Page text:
Coach Brady Hoke Favors Scrimmaging Other Programs for Spring Game

RJ LuchenbillCorrespondent IIIMarch 29, 2012

ANN ARBOR, MI - NOVEMBER 19:  Head coach Brady Hoke of the Michigan Wolverines cheers on his team from the sideline while playing Nebraska Cornhuskers at Michigan Stadium on November 19, 2011 in Ann Arbor, Michigan. (Photo by Gregory Shamus/Getty Images)
Gregory Shamus/Getty Images

Clemson coach Dabo Swinney and Michigan coach Brady Hoke are united together to influence the NCAA to allow scrimmages against other programs in the spring. 

Here's what Hoke had to say from this article:

"I think that would be kind of cool," he said Thursday during a news conference at Schembechler Hall. "I've thought of it before. Whether we do, like the NFL, different teams going to different places and interacting for two days, three days, off of that model. I think that would be kind of neat, if you could do that."

Both head coaches are correct with their desire to make it happen.

It's difficult to properly gauge whom some of the best players on your team are without overcoming various tests first. Could Fitzgerald Toussaint have been the starter for the Wolverines sooner had the coaches seen more from him against other football teams?

The National Football League has a preseason that includes four games against opponents that don't count against their overall record. It benefits teams that are looking for the best players to fit their 53-man squad.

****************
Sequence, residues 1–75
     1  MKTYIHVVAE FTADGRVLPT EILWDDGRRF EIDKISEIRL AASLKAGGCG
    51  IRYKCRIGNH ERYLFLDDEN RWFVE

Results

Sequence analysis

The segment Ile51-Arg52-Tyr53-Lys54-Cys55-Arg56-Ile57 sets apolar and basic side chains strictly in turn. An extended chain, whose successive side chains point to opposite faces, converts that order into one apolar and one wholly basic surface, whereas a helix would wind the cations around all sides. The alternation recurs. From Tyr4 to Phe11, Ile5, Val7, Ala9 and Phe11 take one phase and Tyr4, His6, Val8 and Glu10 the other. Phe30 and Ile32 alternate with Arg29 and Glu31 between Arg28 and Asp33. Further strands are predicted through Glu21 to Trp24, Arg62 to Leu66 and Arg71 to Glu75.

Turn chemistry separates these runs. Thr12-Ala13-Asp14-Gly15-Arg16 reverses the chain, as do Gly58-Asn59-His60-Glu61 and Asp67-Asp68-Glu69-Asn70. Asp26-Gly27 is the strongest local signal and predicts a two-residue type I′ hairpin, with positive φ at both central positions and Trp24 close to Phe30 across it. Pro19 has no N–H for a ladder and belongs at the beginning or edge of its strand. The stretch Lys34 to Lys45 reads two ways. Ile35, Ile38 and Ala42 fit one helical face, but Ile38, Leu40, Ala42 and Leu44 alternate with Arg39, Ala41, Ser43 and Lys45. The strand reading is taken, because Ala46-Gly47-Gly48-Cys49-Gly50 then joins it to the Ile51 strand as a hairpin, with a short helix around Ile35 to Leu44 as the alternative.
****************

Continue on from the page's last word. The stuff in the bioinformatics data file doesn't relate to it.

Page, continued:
Major League Baseball also has spring training before its regular season beings. It allows new players to try out for roster and position spots against other teams. Like the NFL, it's vital to finding the best players available to help their squad be victorious.

The National Basketball Association and the National Hockey League mirror the importance of what preseason does to assist each team.

Clemson head coach Dabo Swinney
Clemson head coach Dabo SwinneyStreeter Lecka/Getty Images

So why doesn't college football follow suit? Certainly, more money could be brought in to various schools as the people are charged to see these scrimmages. 

Despite the advantages of coaches getting to see more of their football players and increased revenue for the school, unfortunately, it's not all sunshine and rainbows.

There are some crucial downsides to scrimmaging against other schools as well. Every year in the NFL, we hear about devastating preseason injuries to star players that ruin their season. 

In 1998, Jason Sehorn was considered an elite cornerback for the New York Giants. On the very first play in preseason against the New York Jets, Sehorn suffered a torn anterior cruciate ligament that required season-ending reconstructive surgery.

In 2003, Michael Vick broke his fibula during a preseason game against the Baltimore Ravens. He missed the first 10 games of the season that year. 

And those are just two examples out of the many injuries players have suffered over the years in preseason football.

Coaches would also need to be careful not to open up too much of their playbook on the offensive and defensive side. Regular-season opponents would see too much on film, ultimately prepare too well and be ready for anything Michigan would throw at them.

So there's definitive advantages and disadvantages to playing against another school for one or two spring games. What do you think?